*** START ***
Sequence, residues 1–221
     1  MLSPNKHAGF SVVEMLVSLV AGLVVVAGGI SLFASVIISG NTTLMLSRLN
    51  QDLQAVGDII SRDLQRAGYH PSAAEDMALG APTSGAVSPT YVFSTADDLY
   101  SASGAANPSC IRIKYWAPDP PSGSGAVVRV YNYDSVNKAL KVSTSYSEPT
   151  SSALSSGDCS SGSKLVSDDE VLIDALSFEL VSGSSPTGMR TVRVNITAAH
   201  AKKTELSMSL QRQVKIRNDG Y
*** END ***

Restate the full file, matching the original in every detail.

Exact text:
Sequence, residues 1–221
     1  MLSPNKHAGF SVVEMLVSLV AGLVVVAGGI SLFASVIISG NTTLMLSRLN
    51  QDLQAVGDII SRDLQRAGYH PSAAEDMALG APTSGAVSPT YVFSTADDLY
   101  SASGAANPSC IRIKYWAPDP PSGSGAVVRV YNYDSVNKAL KVSTSYSEPT
   151  SSALSSGDCS SGSKLVSDDE VLIDALSFEL VSGSSPTGMR TVRVNITAAH
   201  AKKTELSMSL QRQVKIRNDG Y